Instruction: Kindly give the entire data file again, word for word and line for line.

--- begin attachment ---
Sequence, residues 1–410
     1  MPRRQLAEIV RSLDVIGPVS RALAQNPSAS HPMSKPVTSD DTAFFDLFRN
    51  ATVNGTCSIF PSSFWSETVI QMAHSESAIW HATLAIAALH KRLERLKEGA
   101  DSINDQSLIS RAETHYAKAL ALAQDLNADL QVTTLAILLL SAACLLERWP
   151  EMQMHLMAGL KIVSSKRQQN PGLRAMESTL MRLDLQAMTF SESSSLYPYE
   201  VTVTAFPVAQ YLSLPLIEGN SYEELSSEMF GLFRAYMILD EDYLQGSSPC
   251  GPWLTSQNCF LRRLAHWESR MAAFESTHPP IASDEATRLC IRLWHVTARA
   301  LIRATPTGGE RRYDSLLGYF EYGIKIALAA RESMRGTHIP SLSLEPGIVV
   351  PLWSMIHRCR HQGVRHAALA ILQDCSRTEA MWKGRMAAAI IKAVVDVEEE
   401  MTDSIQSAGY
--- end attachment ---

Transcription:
Sequence, residues 1–410
     1  MPRRQLAEIV RSLDVIGPVS RALAQNPSAS HPMSKPVTSD DTAFFDLFRN
    51  ATVNGTCSIF PSSFWSETVI QMAHSESAIW HATLAIAALH KRLERLKEGA
   101  DSINDQSLIS RAETHYAKAL ALAQDLNADL QVTTLAILLL SAACLLERWP
   151  EMQMHLMAGL KIVSSKRQQN PGLRAMESTL MRLDLQAMTF SESSSLYPYE
   201  VTVTAFPVAQ YLSLPLIEGN SYEELSSEMF GLFRAYMILD EDYLQGSSPC
   251  GPWLTSQNCF LRRLAHWESR MAAFESTHPP IASDEATRLC IRLWHVTARA
   301  LIRATPTGGE RRYDSLLGYF EYGIKIALAA RESMRGTHIP SLSLEPGIVV
   351  PLWSMIHRCR HQGVRHAALA ILQDCSRTEA MWKGRMAAAI IKAVVDVEEE
   401  MTDSIQSAGY